Wilderness Cemetery #1, created June 1865, and in existence for just over one year. Brevet Major Moore enclosed Wilderness National Cemetery No. 1 with a simple board fence. Each of the headboards visible in the photograph appears to read: "Uknown U.S. Soldiers Killed May 1864"

Continue reading

One week’s haul: Clara Barton, escaping slaves, and the Union occupation


From Hennessy:

In 1989, Congress expanded the park’s mandate by stipulating that in addition to interpreting the military aspects of the four battles, we will also interpret the war’s impact on civilians.  Fulfilling this mandate has made my job especially interesting–allowing us to look at sites through different thematic lenses and in the process generating a huge body of new source material that at least until Noel Harrison came along, no one paid much mind to.

Though I have been in my job for a very long time, I am constantly amazed at the rate we learn new things–the rate at which new material tumbles into our hands. Some of that material brings new light to well-known stories or places; sometimes something entirely new turns up. The historical record grows, and so does our understanding of the resources we manage and interpret.  Along the way, the scope of our interpretive programs has broadened (without, by the way, diminishing what we do in the realm of military history); the incoming source material has added immensely to the richness and variety of our programs.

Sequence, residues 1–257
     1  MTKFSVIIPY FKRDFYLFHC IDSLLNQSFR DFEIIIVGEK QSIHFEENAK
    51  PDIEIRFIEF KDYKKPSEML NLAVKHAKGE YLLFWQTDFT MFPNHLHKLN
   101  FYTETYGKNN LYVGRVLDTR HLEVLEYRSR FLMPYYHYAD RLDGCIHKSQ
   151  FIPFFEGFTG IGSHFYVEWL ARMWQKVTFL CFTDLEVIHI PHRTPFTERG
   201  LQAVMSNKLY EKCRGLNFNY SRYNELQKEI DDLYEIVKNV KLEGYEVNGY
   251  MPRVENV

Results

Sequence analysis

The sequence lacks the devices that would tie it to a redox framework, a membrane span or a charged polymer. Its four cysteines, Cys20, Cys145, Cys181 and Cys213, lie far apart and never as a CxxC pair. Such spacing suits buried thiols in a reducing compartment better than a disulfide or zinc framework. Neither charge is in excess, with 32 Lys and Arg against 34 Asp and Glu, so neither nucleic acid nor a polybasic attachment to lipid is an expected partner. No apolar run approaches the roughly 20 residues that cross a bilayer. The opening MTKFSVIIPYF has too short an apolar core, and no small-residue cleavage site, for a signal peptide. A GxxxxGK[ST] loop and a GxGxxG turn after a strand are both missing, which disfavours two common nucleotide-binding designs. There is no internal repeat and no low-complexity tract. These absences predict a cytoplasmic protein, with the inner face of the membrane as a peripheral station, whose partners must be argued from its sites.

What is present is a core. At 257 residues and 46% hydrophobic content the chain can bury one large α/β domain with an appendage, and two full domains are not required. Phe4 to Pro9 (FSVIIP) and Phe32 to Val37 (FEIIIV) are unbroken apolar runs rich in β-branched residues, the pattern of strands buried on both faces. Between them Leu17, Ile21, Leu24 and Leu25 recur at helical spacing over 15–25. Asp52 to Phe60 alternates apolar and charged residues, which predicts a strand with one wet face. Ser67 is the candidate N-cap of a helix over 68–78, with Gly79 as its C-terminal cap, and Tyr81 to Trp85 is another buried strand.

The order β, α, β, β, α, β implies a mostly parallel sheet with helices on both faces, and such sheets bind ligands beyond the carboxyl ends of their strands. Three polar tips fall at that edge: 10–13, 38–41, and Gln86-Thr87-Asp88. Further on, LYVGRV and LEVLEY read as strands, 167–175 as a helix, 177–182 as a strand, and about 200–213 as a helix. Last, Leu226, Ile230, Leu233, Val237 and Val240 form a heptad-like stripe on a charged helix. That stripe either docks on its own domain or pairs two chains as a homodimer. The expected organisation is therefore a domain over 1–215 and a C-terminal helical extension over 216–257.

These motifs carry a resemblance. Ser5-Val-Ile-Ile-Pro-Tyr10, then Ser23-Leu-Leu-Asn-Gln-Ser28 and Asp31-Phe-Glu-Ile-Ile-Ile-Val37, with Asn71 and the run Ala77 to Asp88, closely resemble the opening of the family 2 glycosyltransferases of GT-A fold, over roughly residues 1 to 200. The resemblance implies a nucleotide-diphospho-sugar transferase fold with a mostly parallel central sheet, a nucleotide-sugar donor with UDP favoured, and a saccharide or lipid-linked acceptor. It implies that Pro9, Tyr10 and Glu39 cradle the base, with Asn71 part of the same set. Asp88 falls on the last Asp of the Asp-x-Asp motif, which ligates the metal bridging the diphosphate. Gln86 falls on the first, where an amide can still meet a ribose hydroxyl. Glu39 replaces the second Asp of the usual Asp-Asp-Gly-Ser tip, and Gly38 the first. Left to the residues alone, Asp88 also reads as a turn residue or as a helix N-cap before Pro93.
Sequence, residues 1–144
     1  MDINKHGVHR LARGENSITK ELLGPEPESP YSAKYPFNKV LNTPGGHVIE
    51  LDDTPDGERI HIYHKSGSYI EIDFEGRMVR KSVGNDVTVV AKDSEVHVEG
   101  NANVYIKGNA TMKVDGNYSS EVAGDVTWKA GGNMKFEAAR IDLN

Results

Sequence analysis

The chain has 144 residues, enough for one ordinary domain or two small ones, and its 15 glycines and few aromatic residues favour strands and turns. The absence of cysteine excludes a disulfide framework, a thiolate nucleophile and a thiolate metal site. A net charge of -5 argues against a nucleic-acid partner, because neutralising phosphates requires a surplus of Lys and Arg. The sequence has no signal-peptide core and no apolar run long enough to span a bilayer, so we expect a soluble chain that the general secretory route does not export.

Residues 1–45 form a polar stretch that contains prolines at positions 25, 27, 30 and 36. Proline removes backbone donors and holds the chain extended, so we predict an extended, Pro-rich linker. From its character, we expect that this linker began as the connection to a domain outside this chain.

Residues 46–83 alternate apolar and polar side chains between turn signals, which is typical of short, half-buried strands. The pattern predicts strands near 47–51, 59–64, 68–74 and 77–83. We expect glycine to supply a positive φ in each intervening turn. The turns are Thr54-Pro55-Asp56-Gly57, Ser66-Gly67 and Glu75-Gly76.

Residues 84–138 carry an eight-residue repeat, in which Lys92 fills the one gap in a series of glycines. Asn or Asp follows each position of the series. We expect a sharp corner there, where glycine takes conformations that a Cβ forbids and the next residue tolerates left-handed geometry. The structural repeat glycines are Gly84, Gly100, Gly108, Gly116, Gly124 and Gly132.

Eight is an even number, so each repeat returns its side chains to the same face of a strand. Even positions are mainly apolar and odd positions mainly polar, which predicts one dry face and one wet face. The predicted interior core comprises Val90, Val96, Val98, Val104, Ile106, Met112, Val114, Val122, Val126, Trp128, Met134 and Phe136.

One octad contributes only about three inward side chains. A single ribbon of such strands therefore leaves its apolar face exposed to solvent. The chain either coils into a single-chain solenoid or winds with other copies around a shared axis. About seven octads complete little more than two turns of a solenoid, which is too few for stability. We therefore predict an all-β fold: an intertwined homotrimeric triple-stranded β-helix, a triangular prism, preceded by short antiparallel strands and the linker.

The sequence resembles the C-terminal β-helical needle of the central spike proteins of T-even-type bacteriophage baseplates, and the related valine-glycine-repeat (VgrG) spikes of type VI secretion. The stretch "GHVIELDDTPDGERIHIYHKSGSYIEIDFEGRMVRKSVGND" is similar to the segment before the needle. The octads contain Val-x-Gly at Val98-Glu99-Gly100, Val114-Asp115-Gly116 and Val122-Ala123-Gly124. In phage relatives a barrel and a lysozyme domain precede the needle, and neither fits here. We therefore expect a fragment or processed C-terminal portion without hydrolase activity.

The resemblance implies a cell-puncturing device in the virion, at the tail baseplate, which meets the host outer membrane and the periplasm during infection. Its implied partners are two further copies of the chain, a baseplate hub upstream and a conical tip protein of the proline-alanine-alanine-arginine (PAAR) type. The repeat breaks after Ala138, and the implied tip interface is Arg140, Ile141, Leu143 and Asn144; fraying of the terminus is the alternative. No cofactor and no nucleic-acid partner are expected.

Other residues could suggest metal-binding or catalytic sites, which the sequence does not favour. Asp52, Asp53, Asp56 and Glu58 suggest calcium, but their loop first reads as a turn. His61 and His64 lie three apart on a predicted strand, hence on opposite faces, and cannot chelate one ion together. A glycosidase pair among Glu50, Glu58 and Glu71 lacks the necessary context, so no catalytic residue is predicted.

This week is a perfect example of the flow of new stuff. This picture came from the files of the Historic Fredericksburg Foundation.

Courtesy Historic Fredericksburg Foundation

It demonstrates vividly that I have been wrong in my presumed location of the Maria Wolfe house on Princess Anne Street–one of four buildings in Fredericksburg definitively associated with Clara Barton. I had presumed the house still stood next to the Baptist Church–that it was was and is the place now occupied by Micah Ministries. Instead, this image clearly shows that Wolfe’s house once stood where the church offices are, and is gone. Here’s one of those awkward cases where not only does something add to your knowledge, but it shows you were WRONG.  But, we will be right henceforth. Here is a better picture of the now-vanished house, provided to us by Dennis Sacrey of the Fredericksburg Baptist Church.

The Maria Wolfe house on Princess Anne Street. Courtesy Dennis Sacrey and the Fredericksburg Baptist Church.